How Unique Are You in Business?

September 20th, 2009 by admin

Business is competitive, and no one can win a race by following the leader.  You win by figuring out the most effective way to apply the principles for success to the unique situation in which you operate. Sometimes there is one good move for everyone in the same industry but you can’t all do the same thing in every aspect of the business all the time and have any hope of getting ahead. Where do you stand out in business?
Can you run a business like this?

There is no organization chart
There are no job titles or job descriptions
No bonuses and no perks
No regularly scheduled meetings
No approval levels for capital or expense spending
No goals
No offices or high-walled cubicles
If the peers accept the idea, then “management” is presumed to accept it – hence the need for very little management
If you know what is needed in business and hire the best professionals, can you have a successful business without all of the normal confining constraints found in the typical business world?

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What McDonald’s Can Teach Us About Financial Recovery

July 28th, 2009 by admin

I believe there are four important lessons that can be learned from the remarkable turnaround at McDonald’s.

1. How you grow matters as much as that you grow. The financial services industry would have benefitted from a focus on “growth by quality, not by quantity.” Clearly, the “growth at any cost” credo of some led to exactly that: any cost.

2. Changing your business model may not be needed, but belief in it is. Start by asking yourself what business you are in and whether customers still have a need for it. If they do, commit to it — fully. At McDonald’s, we knew that people still “deserved a break today” and we were willing to let go of all other initiatives (many of them very exciting) in order to demonstrate unwavering commitment to the core business.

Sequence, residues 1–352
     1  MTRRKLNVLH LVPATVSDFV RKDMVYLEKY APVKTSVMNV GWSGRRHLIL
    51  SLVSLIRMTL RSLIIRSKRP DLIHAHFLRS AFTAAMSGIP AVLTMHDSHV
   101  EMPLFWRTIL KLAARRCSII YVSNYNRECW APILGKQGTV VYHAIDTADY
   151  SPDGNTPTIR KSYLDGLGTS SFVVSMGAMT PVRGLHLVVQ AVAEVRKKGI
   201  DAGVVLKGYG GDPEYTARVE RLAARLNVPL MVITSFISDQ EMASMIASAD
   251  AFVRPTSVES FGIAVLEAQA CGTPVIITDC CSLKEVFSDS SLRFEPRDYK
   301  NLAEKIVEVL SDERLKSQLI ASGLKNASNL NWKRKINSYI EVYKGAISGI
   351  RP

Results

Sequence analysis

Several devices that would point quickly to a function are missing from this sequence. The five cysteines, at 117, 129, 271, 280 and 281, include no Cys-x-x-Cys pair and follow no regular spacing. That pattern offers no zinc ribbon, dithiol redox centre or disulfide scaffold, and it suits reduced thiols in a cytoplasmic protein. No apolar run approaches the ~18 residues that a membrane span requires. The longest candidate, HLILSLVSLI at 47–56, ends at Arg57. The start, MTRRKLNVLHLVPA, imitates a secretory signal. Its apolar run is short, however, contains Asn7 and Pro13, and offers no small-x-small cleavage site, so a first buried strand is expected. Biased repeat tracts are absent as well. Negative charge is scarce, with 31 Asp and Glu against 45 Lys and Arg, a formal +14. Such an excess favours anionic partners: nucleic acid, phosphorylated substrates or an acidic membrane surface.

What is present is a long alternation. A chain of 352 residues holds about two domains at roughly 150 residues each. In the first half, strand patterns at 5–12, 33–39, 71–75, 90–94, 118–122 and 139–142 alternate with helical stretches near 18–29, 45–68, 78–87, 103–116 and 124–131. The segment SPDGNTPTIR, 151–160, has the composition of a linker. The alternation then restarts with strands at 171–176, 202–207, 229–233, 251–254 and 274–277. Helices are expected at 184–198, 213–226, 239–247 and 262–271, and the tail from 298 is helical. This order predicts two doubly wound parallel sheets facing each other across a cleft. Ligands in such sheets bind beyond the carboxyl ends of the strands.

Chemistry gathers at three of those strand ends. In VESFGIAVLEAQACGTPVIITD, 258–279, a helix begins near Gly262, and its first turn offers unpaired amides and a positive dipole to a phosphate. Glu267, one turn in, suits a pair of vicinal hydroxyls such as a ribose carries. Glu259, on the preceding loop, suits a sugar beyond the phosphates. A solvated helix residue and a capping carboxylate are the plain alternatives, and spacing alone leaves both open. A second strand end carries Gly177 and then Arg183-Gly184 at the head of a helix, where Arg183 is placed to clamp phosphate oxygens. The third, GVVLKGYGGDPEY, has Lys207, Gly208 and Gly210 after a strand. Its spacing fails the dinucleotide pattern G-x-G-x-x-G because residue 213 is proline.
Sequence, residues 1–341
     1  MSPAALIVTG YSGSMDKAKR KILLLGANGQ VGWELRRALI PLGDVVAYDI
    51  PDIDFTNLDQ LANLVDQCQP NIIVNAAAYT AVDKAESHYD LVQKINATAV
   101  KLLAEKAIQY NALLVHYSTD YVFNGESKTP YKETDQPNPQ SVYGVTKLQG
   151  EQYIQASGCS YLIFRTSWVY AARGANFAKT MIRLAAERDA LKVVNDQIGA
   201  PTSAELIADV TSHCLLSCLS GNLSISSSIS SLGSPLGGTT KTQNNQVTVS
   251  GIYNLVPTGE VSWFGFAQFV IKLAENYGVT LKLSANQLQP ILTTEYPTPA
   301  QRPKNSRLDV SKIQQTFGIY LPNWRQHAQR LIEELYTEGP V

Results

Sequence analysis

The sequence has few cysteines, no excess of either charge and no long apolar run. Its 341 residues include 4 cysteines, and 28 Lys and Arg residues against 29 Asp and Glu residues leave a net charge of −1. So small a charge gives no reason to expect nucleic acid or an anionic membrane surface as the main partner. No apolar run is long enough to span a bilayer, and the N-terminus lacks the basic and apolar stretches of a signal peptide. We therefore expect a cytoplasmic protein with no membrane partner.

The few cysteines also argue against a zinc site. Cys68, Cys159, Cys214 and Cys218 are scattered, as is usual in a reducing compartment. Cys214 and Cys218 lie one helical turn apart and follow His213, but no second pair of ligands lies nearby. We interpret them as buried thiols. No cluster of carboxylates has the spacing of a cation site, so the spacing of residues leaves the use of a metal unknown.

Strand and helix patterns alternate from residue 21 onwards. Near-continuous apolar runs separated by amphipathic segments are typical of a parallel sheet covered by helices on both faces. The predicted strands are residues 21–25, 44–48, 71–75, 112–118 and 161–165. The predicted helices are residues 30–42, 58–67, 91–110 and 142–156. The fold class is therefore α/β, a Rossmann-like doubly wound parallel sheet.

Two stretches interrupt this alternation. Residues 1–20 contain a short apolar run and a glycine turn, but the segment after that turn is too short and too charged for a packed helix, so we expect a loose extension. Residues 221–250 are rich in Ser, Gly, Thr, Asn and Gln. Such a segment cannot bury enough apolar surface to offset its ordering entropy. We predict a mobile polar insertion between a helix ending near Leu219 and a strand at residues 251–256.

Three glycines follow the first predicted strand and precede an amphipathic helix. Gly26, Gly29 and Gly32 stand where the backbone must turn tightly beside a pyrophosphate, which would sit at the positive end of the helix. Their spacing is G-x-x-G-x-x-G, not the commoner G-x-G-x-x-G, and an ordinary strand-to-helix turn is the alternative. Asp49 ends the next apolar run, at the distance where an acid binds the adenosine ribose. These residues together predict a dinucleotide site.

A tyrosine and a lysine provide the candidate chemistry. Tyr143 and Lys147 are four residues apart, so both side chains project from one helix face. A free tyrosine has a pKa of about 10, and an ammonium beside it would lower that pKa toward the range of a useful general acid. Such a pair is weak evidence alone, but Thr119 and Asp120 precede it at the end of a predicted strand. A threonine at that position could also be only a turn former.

3. None of us is as good as all of us. It’s the system, stupid! Understanding that you are leading a system, not a company or a person, is a critical insight if you want to successfully change something large. McDonald’s is extremely good at this. To some people (me included), it is a frustrating process. It takes time. It requires buy-in and plenty of patience and tolerance from everyone. It also requires adequate policing, oversight and incredibly detailed measurement systems. This is tedious work, and intimidating to those being measured. But it’s needed.

Large systems work best with a hard-wired operating system in the hub that enables innovation, entrepreneurship and decision-making in the nodes. The Internet would not have happened without HTML. Our country would not have prospered without the U.S. Constitution. But it is worth all the pain. And it must start with the humility that you are in the service of something larger than your own institution. As we say at BE-CAUSE — the company I founded — a purpose bigger than your product.

4. Plan your work, and work your plan. At McDonald’s we created a “plan to win.” Some would argue that it wasn’t perfect. Perhaps it wasn’t, but we decided that it was. And we haven’t looked back. Even through tragic circumstances — losing two CEOs in less than one year due to tragic deaths — the plan stayed intact and is still central today to the focus and alignment of the organization.

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